By Thomas Hargrove
WASHINGTON - Members of Congress say they are increasingly concerned by failures of the Social Security Administration to keep confidential information safe and to warn the public when the security of personal data has been breached.
Several have expressed dismay following disclosures by Scripps Howard News Service that federal authorities kept silent when the Social Security numbers of tens of thousands of living Americans accidentally were released in a widely available database of dead persons intended to protect U.S. businesses from fraud.
"The failure of the Social Security Administration to protect that critical information and its failure to notify the tens of thousands of Americans that this breach put them at risk is disturbing," said Sen. Tom Carper, D-Del., responding to the Scripps investigation.
"This most recent incident once again underscores the need for modern and comprehensive laws that protect consumers if their personal information has been compromised," he said.
Carper and Sen. Roy Blunt, R-Mo., have sponsored the Data Security Act of 2011, which would require financial groups, retailers and federal agencies to safeguard sensitive information, investigate security breaches and notify consumers when there is a substantial risk of identity theft or account fraud.
Their bill is one of six pending in Congress -- three in the Senate and three in the House -- that would bring federal standards more in line with state consumer protection laws already in effect in 46 states.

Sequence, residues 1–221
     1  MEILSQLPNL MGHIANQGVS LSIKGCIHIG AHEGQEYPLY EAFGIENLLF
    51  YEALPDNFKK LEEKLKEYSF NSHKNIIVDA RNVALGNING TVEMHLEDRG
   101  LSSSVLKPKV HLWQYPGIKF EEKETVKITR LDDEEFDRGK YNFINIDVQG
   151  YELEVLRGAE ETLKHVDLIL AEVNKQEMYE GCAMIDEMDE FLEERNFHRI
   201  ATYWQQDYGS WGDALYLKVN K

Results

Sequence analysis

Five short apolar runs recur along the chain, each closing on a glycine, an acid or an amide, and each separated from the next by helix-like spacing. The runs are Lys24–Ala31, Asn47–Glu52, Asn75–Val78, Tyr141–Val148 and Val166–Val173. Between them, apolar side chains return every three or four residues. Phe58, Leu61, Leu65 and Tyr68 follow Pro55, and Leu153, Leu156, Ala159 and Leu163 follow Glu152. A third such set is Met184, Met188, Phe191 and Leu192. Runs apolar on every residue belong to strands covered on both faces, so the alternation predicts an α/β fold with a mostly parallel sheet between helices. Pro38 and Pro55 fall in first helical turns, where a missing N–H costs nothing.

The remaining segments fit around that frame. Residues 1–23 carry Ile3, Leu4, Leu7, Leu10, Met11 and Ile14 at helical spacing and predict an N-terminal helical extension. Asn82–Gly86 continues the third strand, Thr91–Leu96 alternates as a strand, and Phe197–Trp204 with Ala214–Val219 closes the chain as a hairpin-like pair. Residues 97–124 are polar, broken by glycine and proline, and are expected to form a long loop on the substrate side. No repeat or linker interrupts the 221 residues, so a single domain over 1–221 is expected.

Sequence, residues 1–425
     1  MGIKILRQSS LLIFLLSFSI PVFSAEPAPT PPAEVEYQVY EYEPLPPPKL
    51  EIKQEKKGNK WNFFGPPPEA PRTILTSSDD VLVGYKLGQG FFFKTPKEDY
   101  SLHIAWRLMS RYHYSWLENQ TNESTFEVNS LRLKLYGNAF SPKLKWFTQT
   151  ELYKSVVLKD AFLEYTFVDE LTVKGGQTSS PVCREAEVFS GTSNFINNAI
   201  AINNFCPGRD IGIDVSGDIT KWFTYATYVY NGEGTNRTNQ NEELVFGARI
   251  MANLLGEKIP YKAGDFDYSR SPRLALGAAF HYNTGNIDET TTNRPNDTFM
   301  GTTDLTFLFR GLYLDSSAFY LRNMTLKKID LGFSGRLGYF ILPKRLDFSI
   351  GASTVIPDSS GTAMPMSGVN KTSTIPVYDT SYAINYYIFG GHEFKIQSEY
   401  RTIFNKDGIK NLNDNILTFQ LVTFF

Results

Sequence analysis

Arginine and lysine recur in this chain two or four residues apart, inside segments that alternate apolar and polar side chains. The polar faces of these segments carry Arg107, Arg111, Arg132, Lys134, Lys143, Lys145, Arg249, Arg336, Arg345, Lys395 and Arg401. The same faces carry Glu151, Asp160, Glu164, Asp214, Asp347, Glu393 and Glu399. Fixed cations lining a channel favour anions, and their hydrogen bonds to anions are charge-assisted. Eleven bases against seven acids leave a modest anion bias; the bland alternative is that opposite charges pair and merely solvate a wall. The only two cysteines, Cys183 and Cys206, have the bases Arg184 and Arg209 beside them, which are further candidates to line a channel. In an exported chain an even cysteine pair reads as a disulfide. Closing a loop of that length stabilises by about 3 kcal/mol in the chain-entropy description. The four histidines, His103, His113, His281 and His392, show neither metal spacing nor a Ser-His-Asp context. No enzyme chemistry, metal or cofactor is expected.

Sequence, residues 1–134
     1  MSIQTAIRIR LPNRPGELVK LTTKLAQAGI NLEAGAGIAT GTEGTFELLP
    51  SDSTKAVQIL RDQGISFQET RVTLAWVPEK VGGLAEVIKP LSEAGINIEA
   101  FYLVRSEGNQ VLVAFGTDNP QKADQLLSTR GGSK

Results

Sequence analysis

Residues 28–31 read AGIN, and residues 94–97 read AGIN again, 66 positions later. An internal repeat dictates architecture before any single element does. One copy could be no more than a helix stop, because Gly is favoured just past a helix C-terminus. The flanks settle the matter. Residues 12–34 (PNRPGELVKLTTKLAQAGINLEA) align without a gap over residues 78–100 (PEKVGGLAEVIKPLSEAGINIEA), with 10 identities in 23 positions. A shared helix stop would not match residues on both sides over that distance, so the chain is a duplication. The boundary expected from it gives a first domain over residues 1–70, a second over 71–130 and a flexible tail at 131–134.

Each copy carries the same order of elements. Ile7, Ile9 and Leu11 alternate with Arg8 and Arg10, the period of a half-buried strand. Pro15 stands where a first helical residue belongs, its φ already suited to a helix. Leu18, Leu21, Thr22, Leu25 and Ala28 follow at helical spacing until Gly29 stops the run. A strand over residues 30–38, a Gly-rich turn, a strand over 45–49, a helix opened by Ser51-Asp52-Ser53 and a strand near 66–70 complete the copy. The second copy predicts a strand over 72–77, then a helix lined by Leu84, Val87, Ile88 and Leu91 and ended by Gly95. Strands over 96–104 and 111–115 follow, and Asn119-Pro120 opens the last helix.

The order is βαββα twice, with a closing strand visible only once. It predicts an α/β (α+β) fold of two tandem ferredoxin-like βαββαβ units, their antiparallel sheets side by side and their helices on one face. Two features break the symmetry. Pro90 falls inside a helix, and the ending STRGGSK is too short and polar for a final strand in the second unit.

Although there have been federal breaches of sensitive information over the years, the recently disclosed errors by Social Security are especially embarrassing, congressional leaders and consumer protection experts have said.
"This error can cause very significant challenges," Senate Deputy Majority Leader Richard Durbin, D-Ill., warned Social Security Commissioner Michael Astrue in a letter last month. "If a person is placed on this list, it can result in problems with credit agencies, applying for a loan or even getting a job. In addition, individuals who have been in this situation report the problem can be difficult to resolve."
Failure to warn people when the error occurs underscores need for federal legislation, they said.
"The Social Security Administration is definitely not in line either with state law or with what is widely considered to be a best practice," said Beth Givens, director of the San Diego-based Privacy Rights Clearinghouse.
People are not warned after they've been erroneously placed on the Social Security's Death Master File and, therefore, had their Social Security numbers, dates of birth and other private information become public information. As a result, banks and credit institutions often shut down their checking accounts, credit cards and refuse loan applications.
Social Security officials estimate they accidentally put 14,000 living Americans on the death list every year because of keying errors by federal workers.
"Why isn't there a mechanism in place to help these individuals by informing them what has happened?" asked Christopher Calabrese, legislative counsel for the Counsel at American Civil Liberties Union.